JHOP: How do you expect the IRA changes to affect commercial payers that have a large proportion of Part D–only beneficiaries in their managed Medicare population?
Dr Mitchell: All of the same operational requirements will impact Medicare prescription drug plan providers but they will be exposed to more risk because they are only responsible for pharmacy costs. Operationally, it will be complex implementing the requirements, such as covering a larger proportion of brand name Part D drug costs. It evens out the monthly cost-sharing for patients, but for payers, it’s the first and biggest logistic hurdle of the IRA legislation.

JHOP: Does the IRA legislation limit your organization’s ability to manage pharmacy utilization for your Medicare members?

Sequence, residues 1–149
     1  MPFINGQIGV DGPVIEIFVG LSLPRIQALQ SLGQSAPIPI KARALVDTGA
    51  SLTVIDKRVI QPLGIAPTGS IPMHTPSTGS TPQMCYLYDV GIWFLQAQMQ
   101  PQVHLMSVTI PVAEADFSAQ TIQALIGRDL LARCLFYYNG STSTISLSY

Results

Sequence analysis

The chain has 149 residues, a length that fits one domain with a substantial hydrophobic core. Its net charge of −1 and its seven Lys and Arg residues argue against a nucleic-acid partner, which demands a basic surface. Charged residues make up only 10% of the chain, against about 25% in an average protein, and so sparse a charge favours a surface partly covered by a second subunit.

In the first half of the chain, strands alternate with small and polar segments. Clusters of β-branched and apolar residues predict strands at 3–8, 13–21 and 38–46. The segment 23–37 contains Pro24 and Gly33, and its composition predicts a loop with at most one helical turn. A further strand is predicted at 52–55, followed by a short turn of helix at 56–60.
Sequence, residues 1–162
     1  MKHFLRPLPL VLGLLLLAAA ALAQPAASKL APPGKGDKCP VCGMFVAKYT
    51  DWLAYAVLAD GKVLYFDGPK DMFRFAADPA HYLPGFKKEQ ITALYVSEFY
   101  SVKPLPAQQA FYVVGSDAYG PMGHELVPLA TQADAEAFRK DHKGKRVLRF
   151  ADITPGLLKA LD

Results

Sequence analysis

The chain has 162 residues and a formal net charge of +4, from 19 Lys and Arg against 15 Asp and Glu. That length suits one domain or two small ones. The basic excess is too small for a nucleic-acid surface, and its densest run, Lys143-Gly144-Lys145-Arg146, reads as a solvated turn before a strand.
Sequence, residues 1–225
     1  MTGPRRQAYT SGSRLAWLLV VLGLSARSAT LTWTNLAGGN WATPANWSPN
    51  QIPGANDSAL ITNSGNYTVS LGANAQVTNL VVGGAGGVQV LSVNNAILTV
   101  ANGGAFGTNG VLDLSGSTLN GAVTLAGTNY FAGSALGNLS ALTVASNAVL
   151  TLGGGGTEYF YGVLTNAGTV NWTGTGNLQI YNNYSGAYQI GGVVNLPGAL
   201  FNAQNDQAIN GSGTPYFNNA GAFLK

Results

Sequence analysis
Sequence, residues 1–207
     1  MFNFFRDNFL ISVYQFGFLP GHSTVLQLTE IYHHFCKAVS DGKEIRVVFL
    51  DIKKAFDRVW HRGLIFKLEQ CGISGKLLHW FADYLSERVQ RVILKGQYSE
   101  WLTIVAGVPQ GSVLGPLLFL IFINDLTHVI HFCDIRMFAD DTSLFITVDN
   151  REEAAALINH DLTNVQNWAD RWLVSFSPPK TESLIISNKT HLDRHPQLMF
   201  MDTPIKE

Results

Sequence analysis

Dr Mitchell: Certainly for the top 10 negotiated drugs, management through our formularies becomes more difficult. CMS has not clarified their position on step edits and tiering in the negotiated drug classes. Even with more clarification from CMS on the ability to manage those top 10 drugs, direct manufacturer negotiations only become more difficult. For example, if you look at the blood thinners on formularies, such as Eliquis and Xarelto, we are currently able to negotiate coverage with manufacturers for formulary position and coverage. The same is the case for diabetes drugs, where you have 2 sodium-glucose cotransporter-2 inhibitors on formulary. These are heavily rebated classes with a lot of competition. We currently receive preferred coverage rebates for these drugs, and with the IRA changes, I expect to get fewer rebates from some manufacturers on the non-CMS negotiated drugs due to the need to cover CMS-negotiated drugs with high utilization. However, for some select drugs or categories, non-CMS negotiated rebates may increase in order to get more favorable coverage. The IRA may result in increased member risk in some of these highly utilized categories, and we have to factor in risk adjustment when setting our formularies and our premiums.